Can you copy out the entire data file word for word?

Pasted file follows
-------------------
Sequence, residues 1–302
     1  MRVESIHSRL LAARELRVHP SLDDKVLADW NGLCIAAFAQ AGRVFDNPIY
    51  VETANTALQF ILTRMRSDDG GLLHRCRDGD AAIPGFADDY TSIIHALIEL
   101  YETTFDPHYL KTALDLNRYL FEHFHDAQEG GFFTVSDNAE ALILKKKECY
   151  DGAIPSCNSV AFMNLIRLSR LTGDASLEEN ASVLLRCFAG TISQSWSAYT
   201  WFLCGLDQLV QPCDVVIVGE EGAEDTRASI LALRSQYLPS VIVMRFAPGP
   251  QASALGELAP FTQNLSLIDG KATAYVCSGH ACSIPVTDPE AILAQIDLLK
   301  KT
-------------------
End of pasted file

Sequence, residues 1–302
     1  MRVESIHSRL LAARELRVHP SLDDKVLADW NGLCIAAFAQ AGRVFDNPIY
    51  VETANTALQF ILTRMRSDDG GLLHRCRDGD AAIPGFADDY TSIIHALIEL
   101  YETTFDPHYL KTALDLNRYL FEHFHDAQEG GFFTVSDNAE ALILKKKECY
   151  DGAIPSCNSV AFMNLIRLSR LTGDASLEEN ASVLLRCFAG TISQSWSAYT
   201  WFLCGLDQLV QPCDVVIVGE EGAEDTRASI LALRSQYLPS VIVMRFAPGP
   251  QASALGELAP FTQNLSLIDG KATAYVCSGH ACSIPVTDPE AILAQIDLLK
   301  KT